3. After procuring (and I don't use that word for show) food and eating it, there might be some dessert available, but depending on how promptly you have arrived, you may have to move fast to partake of this.
4. Then you might engage in some very light banter with any other guests you know. Finding such people can be tricky.
5. I think after you've taken care of the handshaking part, you're really free to go. Not entirely courteous, but again, it's not entirely likely that anyone will notice.
6. You could choose to stay for photographs with the bride and groom. These can be quite nice mementos, especially given how easy photo sharing is nowadays, although they are invariably photos which are the opposite of candid.
7. I've noticed cake cutting some of the time, but being no stranger to deeply felt shame, I rarely stay long enough for that part.
I'd like to comment on music, but I fear that might get a bit too insulting. Suffice to say, it's rarely music that could possibly comply with the tastes of the bride and groom, nor anybody I know well.
One of my personal, favourite, truisms to impart during discussions about the moribundity of Indonesian weddings, is that the funerals I've been to have been a lot more fun. Not because they've been routinely blessed with the refreshments of an Irish wake, but rather because people are generally more relaxed, loquacious and showing signs of actually enjoying one another's company. One mighty source of mirth at a funeral I attended was the casket getting dropped as it was being moved out of the living room. No corpse slid out, but I did get the feeling that such an eventuality wouldn't have detracted from the lightness in the air. I suppose the laughter is a mechanism to deal with grief, but why can't it be applied more to what is meant to be one of the happiest days in the lives of two young people?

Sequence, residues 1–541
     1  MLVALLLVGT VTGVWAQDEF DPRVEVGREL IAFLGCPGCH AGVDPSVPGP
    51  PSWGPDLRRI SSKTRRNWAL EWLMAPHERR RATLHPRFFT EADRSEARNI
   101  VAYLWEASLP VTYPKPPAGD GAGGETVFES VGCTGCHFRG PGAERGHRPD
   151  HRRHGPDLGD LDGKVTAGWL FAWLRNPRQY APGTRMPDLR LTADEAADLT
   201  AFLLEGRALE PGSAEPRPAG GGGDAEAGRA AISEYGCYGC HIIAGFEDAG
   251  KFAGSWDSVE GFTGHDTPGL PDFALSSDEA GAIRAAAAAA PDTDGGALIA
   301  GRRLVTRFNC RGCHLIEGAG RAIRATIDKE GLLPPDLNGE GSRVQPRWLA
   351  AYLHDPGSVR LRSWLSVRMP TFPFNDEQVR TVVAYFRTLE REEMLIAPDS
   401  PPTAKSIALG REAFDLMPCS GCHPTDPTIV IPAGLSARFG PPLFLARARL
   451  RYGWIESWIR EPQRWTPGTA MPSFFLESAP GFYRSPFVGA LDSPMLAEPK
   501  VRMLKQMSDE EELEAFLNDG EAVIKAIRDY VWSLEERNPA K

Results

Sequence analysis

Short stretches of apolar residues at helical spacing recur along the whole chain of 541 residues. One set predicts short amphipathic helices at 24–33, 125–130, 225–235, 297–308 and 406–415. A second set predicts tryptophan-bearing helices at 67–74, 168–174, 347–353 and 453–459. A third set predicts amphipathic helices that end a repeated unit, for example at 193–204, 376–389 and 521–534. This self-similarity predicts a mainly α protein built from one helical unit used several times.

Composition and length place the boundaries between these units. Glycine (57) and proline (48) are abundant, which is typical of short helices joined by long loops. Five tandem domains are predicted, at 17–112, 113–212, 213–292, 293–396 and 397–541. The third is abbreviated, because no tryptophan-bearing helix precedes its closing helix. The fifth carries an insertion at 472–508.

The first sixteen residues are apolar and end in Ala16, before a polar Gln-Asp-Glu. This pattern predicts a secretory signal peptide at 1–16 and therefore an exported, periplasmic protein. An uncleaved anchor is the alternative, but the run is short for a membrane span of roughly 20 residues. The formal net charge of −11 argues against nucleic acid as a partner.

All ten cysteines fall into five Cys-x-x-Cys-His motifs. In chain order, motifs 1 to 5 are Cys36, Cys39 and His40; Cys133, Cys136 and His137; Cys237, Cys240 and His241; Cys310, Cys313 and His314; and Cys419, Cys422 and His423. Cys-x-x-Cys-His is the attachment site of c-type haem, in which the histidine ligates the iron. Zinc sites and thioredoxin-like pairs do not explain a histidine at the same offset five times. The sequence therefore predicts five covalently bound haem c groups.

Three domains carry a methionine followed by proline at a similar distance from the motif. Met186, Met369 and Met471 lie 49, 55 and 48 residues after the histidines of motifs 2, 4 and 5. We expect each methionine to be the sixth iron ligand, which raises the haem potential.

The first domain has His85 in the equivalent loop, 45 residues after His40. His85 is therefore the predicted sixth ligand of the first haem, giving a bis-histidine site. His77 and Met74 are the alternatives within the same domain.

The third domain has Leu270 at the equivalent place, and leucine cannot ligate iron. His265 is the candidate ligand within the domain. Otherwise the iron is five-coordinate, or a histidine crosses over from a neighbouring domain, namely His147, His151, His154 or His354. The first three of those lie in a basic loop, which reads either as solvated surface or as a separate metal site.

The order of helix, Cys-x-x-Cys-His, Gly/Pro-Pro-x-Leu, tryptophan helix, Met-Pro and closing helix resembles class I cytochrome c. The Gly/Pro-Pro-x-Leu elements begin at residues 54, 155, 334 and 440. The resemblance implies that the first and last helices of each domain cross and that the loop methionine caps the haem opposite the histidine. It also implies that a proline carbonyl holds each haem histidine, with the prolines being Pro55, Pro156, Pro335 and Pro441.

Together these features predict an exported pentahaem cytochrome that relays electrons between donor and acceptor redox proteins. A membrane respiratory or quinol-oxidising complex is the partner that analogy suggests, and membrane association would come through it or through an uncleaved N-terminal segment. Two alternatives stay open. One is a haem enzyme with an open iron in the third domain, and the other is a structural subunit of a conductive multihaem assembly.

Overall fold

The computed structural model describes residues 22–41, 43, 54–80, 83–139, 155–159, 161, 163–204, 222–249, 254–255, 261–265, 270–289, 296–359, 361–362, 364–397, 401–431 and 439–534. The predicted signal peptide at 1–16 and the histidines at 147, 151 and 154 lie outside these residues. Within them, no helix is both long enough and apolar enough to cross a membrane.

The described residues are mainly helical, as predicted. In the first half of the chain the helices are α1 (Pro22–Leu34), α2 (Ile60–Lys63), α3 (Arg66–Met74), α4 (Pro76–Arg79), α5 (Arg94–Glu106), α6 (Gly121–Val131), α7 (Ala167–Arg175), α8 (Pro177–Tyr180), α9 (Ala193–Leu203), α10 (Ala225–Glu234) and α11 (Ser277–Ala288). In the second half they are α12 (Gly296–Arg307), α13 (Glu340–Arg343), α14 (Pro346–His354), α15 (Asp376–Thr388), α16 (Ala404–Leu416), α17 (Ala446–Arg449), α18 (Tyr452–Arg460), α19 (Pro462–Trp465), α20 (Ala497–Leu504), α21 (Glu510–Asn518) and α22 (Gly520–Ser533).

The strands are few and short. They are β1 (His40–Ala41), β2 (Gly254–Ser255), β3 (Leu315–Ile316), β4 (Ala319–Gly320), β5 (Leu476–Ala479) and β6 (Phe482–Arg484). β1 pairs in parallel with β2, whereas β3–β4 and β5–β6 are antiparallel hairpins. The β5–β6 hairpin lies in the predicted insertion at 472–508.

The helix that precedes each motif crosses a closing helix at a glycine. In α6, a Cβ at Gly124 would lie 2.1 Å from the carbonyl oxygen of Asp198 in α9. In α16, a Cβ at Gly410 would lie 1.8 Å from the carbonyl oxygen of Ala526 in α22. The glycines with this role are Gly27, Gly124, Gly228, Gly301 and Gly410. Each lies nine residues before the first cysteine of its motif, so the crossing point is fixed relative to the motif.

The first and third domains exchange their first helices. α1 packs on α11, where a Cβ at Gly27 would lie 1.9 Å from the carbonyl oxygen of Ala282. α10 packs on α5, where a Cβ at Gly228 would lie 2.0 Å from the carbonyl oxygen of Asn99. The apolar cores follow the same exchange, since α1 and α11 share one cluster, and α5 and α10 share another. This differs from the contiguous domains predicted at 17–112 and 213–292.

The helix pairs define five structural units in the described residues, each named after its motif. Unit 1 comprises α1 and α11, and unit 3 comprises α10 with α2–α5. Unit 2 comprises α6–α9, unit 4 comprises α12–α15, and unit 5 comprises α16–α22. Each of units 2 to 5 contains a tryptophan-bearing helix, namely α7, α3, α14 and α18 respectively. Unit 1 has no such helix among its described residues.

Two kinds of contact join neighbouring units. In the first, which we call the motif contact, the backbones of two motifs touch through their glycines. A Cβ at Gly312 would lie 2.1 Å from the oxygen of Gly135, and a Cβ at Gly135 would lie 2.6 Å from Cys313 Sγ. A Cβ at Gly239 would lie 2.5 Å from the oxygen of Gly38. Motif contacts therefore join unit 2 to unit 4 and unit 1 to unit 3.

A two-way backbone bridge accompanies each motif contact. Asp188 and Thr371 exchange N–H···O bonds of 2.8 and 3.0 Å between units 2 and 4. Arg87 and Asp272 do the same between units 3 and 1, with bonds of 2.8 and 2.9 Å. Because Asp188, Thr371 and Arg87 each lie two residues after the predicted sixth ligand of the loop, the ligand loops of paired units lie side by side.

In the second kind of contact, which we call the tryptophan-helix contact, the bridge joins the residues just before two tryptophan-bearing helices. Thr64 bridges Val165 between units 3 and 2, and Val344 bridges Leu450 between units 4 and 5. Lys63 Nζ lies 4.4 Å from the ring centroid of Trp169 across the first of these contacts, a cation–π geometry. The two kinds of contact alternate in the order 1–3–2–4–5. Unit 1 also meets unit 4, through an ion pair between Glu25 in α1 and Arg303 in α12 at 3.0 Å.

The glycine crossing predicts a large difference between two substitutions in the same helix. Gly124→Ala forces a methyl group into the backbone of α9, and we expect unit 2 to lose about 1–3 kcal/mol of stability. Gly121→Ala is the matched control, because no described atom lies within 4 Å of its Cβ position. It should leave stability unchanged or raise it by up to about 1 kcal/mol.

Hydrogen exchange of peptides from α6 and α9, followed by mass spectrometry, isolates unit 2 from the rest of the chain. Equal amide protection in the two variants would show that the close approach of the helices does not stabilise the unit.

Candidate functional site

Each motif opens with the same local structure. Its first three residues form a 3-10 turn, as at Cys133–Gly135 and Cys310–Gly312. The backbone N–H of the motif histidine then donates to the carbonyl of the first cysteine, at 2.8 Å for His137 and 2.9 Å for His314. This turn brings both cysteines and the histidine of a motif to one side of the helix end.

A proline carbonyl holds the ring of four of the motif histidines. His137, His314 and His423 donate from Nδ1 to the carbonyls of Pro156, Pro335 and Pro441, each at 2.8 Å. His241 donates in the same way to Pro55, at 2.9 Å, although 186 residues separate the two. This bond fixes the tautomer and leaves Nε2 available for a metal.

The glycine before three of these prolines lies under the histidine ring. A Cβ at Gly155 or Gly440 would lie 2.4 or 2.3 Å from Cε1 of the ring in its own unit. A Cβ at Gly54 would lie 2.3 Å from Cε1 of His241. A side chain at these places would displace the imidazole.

Coincidentally, I was speaking to a female friend yesterday. While we've known each other for a very long time, geographical constraints and the busyness of our lives had disallowed us from keeping fully abreast of the other's developments. Recently we've talked a lot, and the odd life anecdote brought forth to the table provides moment for pause. Knowing her now, married to a man who appears to have been a fine catch, with three children, I had taken it for granted that her own marriage had gone forward without easily avoidable hindrance, according to local custom. Yet it turned out that in a spate of the kind of small-mindedness which I am growing increasingly accustomed to, her fiancee had not been accepted by most of her family. As she put it to me, she was sure that this was the man for her, and they went ahead and got married regardless. Consequently, only seven guests were present to witness their nuptials. Her husband has since proved himself to be an able breadwinner, and otherwise reliable family man. Given the irrefutably of his distinguishing qualities, with the passage of time, my friend's extended family welcomed him to the fold. However, there appears to be a high probability that the nine people celebrating that life-defining occasion, with reportedly austere surroundings, will have a memory to share with one another not to be found on an assembly line of perfunctory handshakes.